In 1945, six young women programmed the ENIAC, the 80-foot-long, eight-foot-tall, first all-electronic programmable computer.
On March 12 2009, you will have the opportunity to meet one of these amazing women, as she is honored by MDWIT for her historic contributions to the role of women in technology. *my note* Less than 25% of computing industry is female and numbers in US/Canada have dropped since the 70s. Minorities are less than 10%. Relative positions and salaries continue to be inequal. (February 2009 issue of Communications of the ACM “Inspiring Women in Computing”)
Jean Jennings Bartik (left) and Frances Bilas Spence (right) preparing for the public unveiling of ENIAC, February 1946.
Born December 27, 1924, in Northwest Missouri, Jean Bartik grew up on a farm, the sixth of seven children. Jean graduated from the Northwest Missouri State Teachers College in 1944, and went to work as a programmer for Army Ordnance at Aberdeen Proving Ground. It was in Aberdeen where Jean met and harnessed the power of the ENIAC.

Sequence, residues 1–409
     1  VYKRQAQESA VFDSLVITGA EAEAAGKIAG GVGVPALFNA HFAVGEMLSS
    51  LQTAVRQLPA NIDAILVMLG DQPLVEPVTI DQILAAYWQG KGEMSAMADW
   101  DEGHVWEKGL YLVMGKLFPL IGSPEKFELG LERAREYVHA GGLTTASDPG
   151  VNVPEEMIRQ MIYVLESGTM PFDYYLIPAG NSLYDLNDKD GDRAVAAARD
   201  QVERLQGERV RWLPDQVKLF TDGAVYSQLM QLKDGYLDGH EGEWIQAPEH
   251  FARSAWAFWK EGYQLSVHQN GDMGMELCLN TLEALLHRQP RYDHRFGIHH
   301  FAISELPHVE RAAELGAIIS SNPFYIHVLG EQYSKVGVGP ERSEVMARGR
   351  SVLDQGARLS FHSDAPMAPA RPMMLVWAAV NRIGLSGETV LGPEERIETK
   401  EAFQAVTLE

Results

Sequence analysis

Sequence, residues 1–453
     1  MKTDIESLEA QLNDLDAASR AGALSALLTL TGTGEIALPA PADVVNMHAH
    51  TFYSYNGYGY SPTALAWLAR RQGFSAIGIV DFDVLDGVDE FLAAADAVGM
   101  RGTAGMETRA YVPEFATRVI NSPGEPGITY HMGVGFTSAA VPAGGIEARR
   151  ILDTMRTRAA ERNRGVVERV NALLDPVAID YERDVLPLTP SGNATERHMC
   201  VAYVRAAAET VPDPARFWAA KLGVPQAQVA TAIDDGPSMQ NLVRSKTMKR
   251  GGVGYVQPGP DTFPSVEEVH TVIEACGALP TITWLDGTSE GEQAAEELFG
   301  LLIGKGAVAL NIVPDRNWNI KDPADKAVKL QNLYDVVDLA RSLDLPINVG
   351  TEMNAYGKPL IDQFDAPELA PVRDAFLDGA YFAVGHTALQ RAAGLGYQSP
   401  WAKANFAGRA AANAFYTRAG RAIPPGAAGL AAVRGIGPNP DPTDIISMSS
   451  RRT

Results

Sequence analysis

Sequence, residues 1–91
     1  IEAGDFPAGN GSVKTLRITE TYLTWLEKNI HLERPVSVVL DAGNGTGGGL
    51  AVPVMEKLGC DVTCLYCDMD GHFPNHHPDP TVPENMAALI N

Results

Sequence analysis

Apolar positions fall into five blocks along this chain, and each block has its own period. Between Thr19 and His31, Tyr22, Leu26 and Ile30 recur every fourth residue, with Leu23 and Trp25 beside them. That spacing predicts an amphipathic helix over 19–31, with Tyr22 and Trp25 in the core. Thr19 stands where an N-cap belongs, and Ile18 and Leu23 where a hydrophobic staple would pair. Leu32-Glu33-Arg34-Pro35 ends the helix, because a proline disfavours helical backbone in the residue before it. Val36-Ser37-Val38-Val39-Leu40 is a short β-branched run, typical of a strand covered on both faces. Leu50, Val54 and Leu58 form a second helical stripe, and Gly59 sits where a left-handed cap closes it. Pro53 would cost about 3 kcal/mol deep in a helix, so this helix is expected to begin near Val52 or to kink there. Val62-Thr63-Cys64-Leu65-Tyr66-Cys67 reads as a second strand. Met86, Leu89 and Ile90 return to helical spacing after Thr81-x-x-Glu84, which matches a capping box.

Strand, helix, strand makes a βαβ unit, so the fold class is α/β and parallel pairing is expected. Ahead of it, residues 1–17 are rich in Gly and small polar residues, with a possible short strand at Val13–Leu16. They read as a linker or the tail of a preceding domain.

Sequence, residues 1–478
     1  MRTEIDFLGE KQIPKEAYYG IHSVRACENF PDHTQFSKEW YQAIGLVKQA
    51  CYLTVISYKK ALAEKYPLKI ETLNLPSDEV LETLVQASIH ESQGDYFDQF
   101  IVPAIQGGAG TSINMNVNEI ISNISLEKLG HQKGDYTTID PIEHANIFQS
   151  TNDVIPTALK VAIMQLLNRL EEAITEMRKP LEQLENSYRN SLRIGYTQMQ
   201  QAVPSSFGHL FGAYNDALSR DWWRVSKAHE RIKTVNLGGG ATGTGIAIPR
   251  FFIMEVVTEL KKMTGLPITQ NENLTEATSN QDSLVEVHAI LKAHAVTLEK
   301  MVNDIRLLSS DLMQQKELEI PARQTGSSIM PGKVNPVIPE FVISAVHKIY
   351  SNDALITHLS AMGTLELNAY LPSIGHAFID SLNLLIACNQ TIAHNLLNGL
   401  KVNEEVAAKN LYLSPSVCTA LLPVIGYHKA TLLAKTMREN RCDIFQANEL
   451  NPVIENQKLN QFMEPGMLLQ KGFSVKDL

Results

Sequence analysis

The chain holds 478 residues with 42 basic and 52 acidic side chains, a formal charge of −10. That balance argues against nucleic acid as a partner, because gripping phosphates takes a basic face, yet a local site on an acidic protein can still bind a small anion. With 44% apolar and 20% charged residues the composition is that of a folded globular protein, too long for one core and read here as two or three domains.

“I was just at the right place at the right time. It was divine providence or fate that selected me to be an ENIAC programmer. Betty Holberton quoted something interesting recently, ‘Look like a girl, Act like a lady, Think like a man, and Work like a dog.’
I was told I’d never make it to VP rank because I was too outspoken. Maybe so, but I think men will always find an excuse for keeping women in their ‘place.’ So, let’s make that place the executive suite and start more of our own companies.” – Jean Bartik (read more about her in this Computer World – Unsung Innovators article)